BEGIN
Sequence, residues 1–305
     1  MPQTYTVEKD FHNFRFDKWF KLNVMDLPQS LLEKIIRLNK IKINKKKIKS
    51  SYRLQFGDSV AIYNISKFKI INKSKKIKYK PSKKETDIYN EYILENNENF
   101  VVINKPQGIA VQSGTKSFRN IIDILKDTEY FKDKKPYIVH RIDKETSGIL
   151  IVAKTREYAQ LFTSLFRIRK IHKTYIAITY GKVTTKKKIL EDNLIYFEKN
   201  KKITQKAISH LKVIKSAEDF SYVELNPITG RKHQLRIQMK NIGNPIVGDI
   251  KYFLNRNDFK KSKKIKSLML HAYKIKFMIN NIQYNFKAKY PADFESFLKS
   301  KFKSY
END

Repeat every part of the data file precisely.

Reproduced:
Sequence, residues 1–305
     1  MPQTYTVEKD FHNFRFDKWF KLNVMDLPQS LLEKIIRLNK IKINKKKIKS
    51  SYRLQFGDSV AIYNISKFKI INKSKKIKYK PSKKETDIYN EYILENNENF
   101  VVINKPQGIA VQSGTKSFRN IIDILKDTEY FKDKKPYIVH RIDKETSGIL
   151  IVAKTREYAQ LFTSLFRIRK IHKTYIAITY GKVTTKKKIL EDNLIYFEKN
   201  KKITQKAISH LKVIKSAEDF SYVELNPITG RKHQLRIQMK NIGNPIVGDI
   251  KYFLNRNDFK KSKKIKSLML HAYKIKFMIN NIQYNFKAKY PADFESFLKS
   301  KFKSY